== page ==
Studies have found that higher levels of community participation are associated with a number of positive outcomes such as increased recovery and quality of life. People with serious mental illnesses (SMI) leaving jail face a number of barriers that limit their ability to participate in community activities. In this paper we examine whether the combined experience of mental illness and recent discharge from jail furthers the community isolation that is already experienced by individuals with serious mental illnesses. This analysis found that people with SMI recently released from jail had significantly lower levels of community participation in terms of overall number of community participation days and activities, number of time spent in activities individuals identified as important, and on measures of sufficiency related to the time spent engaged in these activities. Community participation is a key component of community re-integration for people with SMI leaving jail. The results of this study show that services for people with SMI leaving jail need to include interventions that foster engagement in community based activities.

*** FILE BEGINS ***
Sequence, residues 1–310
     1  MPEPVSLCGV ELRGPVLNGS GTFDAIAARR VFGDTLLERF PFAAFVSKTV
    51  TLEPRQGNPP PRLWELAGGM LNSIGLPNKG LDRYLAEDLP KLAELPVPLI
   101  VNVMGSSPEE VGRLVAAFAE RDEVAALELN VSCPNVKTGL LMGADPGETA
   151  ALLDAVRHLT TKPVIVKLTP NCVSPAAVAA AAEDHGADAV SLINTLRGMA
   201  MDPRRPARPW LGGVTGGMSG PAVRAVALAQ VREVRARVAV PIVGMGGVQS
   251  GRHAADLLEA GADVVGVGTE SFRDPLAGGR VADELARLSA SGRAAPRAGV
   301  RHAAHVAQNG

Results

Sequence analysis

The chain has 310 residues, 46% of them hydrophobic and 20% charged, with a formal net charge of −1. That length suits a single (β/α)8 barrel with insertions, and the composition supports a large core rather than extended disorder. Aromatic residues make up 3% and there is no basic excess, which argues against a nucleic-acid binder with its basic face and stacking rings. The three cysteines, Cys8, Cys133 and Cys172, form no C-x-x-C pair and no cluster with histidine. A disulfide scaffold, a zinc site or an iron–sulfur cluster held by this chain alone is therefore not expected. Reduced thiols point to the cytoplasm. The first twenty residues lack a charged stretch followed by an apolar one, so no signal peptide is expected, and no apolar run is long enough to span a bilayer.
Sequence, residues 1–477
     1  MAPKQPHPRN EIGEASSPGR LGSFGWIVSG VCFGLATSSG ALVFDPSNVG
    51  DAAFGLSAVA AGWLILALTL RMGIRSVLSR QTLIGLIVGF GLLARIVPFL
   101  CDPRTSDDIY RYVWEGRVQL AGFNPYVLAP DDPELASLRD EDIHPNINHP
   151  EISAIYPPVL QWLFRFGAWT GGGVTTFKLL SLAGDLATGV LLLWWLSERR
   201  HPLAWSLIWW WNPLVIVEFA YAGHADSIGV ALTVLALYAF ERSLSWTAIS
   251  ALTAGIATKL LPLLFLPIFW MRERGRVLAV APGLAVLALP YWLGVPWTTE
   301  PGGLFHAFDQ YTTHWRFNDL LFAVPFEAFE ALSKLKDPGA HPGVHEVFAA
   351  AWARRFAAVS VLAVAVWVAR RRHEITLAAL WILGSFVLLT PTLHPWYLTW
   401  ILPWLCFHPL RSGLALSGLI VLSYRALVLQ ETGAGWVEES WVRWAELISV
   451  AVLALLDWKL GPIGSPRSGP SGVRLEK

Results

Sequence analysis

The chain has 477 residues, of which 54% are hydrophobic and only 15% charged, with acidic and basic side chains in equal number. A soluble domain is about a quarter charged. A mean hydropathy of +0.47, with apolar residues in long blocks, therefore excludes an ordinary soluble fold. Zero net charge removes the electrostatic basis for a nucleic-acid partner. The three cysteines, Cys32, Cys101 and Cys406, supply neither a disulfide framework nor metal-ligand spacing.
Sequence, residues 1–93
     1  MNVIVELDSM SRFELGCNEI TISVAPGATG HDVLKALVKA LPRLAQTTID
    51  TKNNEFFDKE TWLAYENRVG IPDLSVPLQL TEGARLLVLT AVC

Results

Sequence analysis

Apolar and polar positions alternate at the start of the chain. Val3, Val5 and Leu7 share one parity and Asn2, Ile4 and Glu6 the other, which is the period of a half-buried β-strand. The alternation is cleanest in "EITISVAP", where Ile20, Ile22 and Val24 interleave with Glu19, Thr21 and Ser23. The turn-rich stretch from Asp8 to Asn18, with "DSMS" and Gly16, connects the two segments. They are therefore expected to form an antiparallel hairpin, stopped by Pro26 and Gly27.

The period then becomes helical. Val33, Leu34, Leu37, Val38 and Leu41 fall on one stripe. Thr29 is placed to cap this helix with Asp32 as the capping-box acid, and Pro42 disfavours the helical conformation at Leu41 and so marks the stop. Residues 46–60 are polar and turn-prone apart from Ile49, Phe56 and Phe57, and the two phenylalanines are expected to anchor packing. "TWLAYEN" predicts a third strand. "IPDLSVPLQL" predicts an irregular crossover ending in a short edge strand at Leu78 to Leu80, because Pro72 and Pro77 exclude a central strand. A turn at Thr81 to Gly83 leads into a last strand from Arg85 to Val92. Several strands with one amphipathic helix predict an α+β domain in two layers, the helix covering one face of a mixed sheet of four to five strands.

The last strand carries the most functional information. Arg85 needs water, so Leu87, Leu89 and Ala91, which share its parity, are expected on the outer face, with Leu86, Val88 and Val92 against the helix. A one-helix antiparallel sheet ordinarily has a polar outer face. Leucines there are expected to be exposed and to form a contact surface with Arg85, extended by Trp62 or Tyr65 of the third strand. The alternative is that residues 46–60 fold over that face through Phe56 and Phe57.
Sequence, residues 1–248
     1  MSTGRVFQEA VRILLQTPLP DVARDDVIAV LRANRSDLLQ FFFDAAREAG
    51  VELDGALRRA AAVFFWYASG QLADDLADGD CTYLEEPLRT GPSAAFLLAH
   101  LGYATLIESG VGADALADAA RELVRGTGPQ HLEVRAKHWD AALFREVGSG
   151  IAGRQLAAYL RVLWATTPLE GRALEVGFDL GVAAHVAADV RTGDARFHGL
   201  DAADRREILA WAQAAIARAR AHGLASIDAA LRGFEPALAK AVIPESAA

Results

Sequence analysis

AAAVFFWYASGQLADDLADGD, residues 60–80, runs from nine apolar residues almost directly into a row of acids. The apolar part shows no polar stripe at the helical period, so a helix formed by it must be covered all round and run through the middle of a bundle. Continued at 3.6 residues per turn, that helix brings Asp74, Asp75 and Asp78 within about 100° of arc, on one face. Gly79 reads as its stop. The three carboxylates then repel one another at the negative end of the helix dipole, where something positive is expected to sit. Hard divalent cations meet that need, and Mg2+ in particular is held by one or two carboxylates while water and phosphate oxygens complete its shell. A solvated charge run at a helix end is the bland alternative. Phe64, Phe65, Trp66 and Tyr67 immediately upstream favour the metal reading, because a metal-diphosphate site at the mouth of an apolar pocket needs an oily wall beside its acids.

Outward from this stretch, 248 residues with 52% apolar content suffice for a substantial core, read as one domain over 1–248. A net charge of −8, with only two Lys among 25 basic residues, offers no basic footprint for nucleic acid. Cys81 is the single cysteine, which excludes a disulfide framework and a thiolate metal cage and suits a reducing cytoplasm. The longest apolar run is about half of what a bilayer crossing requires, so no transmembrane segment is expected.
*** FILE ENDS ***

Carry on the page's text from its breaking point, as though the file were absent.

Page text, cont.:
|Original language||English (US)|
|Journal||Journal of Psychosocial Rehabilitation and Mental Health|
|State||Published - Jun 2017|